Big Joke dismissed over alleged gambling ties

Photo courtesy of Bangkok Post

Police Commission members voted unanimously yesterday to support the acting national police chief’s order to dismiss Police General Surachate Hakparn, better known as Big Joke, as deputy chief over alleged ties to an online gambling network.

The 12-member panel, chaired by Prime Minister Srettha Thavisin, spent three hours deliberating before reaching their decision.

Big Joke, a prominent figure known for his self-promotion, recently faced allegations that he and four subordinates were involved in money laundering for the BNK Master gambling network. The 53 year old has denied these allegations, claiming rivals within the force fabricated them to impede his path to becoming police chief.

The dismissal order, issued in April and signed by deputy national police chief Kitrat Phanphet, followed the transfer of Big Joke and National Police Chief Torsak Sukvimol to the Prime Minister’s Office, a move aimed at resolving internal conflicts within the force.

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Police General Winai Thongsong, a former deputy chief and commission member, asserted yesterday that the decision by Kitrat was lawful and supported by the police disciplinary committee.

Big Joke threatened on Monday to file a malfeasance complaint against the prime minister if the dismissal order was not revoked. He filed a defamation lawsuit on Tuesday with the Bangkok South Criminal Court against a police general who allegedly implicated him in online gambling following an arrest warrant issued for him.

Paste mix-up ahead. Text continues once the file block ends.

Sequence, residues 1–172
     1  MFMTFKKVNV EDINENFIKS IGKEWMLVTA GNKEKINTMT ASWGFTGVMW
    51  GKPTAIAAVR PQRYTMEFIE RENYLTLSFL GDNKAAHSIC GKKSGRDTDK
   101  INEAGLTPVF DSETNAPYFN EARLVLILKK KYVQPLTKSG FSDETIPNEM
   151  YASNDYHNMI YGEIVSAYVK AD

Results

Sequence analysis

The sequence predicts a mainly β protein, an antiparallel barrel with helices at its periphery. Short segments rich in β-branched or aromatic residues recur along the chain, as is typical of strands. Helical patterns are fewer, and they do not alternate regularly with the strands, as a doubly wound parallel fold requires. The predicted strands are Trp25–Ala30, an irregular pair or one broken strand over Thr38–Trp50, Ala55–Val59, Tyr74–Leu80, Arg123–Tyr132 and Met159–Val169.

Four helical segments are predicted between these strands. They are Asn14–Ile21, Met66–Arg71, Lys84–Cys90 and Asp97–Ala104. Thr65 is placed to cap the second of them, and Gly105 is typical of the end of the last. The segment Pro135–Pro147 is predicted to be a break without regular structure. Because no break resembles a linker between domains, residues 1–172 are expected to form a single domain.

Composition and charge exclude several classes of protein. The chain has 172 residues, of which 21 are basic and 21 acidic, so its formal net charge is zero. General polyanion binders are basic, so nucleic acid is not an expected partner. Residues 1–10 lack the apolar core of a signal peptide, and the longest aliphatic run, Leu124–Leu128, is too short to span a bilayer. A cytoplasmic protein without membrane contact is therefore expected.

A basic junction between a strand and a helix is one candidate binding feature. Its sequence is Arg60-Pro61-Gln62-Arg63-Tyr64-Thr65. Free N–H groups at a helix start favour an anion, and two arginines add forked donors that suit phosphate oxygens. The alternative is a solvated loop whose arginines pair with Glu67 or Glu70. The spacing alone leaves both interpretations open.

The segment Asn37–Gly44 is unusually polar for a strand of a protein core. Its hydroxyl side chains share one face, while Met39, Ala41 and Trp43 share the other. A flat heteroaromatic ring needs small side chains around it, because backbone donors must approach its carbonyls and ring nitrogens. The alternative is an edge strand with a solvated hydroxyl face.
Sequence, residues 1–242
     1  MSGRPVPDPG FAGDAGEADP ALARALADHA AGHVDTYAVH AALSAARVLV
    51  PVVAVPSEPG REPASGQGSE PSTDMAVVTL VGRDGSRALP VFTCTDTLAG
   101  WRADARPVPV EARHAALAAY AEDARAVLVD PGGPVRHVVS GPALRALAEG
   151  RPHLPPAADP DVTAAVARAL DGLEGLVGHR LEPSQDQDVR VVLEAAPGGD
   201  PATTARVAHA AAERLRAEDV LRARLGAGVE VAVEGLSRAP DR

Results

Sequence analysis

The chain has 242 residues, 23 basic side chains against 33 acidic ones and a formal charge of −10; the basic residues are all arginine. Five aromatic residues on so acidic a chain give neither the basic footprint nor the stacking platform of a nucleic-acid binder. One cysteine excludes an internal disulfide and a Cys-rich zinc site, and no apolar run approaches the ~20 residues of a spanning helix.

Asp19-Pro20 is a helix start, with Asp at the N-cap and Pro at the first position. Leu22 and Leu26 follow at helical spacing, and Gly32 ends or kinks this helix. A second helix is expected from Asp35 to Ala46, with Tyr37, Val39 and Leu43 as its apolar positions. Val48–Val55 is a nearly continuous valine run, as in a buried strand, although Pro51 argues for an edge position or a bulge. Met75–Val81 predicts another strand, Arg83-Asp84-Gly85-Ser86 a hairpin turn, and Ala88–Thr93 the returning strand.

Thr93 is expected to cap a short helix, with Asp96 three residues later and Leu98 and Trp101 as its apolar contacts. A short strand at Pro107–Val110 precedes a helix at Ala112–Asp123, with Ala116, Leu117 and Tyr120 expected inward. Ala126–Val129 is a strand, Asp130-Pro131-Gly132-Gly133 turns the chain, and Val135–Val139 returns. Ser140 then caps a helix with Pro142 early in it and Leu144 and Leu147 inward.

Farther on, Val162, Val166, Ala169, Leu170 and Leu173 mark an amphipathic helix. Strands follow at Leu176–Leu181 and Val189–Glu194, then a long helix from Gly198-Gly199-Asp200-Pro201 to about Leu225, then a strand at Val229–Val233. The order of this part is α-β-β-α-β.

Winai responded that he is not worried as he can present evidence through the judicial process.

“I believe this was an attempt to silence and disqualify individuals from voting in the meeting to determine whether to revoke Big Joke’s dismissal.”

In addition to the Big Joke case, commission members reviewed a complaint against PM Srettha over last year’s appointment of Torsak as national police chief, alleging he did not meet the necessary criteria.

Niwatchai Kasemmongkol, secretary-general of the National Anti-Corruption Commission (NACC), noted that the NACC had previously requested detailed information from the Police Commission’s secretary. However, the explanation was vague and did not clarify whether Torsak met the criteria.

Given the lack of detailed information, the commission agreed to continue investigating whether sufficient performance details were presented during the selection process, reported Bangkok Post.

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Puntid Tantivangphaisal

Originally from Hong Kong, Puntid moved to Bangkok in 2020 to pursue further studies in translation. She holds a Bachelor's degree in Comparative Literature from the University of Hong Kong. Puntid spent 8 years living in Manchester, UK. Before joining The Thaiger, Puntid has been a freelance translator for 2 years. In her free time, she enjoys swimming and listening to music, as well as writing short fiction and poetry.

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